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Royce Hall

340 Royce Dr. Los Angeles, CA 90095
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Opened: 1929 as the original building on the UCLA campus. The first performing arts season was in 1937. This construction photo by Thelner Hoover is from the Los Angeles Public Library. They have about 150 more photos of the building in their collection.

The building is named after Josiah Royce, a California-born philosopher who received his bachelor's degree from UC Berkeley in 1875 and became a noted philosophy teacher at UC Berkeley and Harvard.

The venue has hosted numerous greats including George Gershwin, Duke Ellington, Arnold Schoenberg, Frank Sinatra, Ella Fitzgerald, Leonard Bernstein and the New York Philharmonic, Twyla Tharp and Mikhail Baryshnikov. It's the main performance venue for UCLA, what they're calling the Center for the Art of Performance. 

Phone: 310-825-4321   

Website: www.roycehall.org | cap.ucla.edu | Center for the Art of Performance on Facebook

Architects: James Edward Allison (1870-1955) and David Clark Allison (his brother, 1881-1962) of the Los Angeles firm of Allison and Allison. The Italian Romanesque style building was modeled, in part, on the 10th/11th century San Ambrogio Church in Milan. Allison and Allison also designed the Variety Arts Theatre downtown.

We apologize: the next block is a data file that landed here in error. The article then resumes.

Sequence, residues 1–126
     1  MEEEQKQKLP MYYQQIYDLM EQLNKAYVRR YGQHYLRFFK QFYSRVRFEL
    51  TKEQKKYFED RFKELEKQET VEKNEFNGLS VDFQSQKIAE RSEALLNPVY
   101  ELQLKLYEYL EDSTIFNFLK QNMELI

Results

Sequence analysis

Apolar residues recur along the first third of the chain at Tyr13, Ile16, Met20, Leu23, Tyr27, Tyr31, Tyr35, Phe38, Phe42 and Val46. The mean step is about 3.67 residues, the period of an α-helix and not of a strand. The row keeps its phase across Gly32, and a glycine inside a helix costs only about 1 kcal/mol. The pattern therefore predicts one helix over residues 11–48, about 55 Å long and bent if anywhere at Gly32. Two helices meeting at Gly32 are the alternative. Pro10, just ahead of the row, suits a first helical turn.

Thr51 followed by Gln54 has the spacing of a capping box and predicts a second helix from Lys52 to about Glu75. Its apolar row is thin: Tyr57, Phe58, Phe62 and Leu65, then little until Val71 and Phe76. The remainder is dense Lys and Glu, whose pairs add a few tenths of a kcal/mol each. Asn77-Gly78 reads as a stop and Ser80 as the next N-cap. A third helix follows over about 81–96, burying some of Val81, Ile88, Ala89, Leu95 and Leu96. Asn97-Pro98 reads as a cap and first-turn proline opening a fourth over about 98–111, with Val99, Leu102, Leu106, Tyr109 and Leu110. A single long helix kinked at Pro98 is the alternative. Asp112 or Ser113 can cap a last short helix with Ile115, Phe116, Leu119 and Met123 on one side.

A main floor plan from the RoyceHall.org website.

Seating: 1,836

The building was restored and upgraded after the 1994 earthquake. Landry and Bogan were the theatre consultants, Ashen + Allen were the executive architects, Barton Phelps & Associates were the design architects. Project cost was $68 million. It reopened in 1998 and is considered one of the nation's top concert halls.

Organ: It's a 5 manual, 104 rank Ernest Skinner organ Opus 818, built in 1930. It had a 1999 restoration by Turner Organs. There are pipes above the proscenium because the chambers designed by the architects were too small. 

Stage specs: 
Proscenium: 48' 5" wide x 23' 6 1/2" high
Fire curtain to back wall: 33' 9"
Fire curtain to edge of apron: 2'3"
Fire curtain to stage extensions (or pit): 12' or 17'
Pit capacity: 35 to 40
Pit depth below stage level: 7' 6"
Centerline to lock rail SR: 36' 11"
Centerline to wall SL:  38'
Balcony rail to curtainline: 80' 4"   22 circuits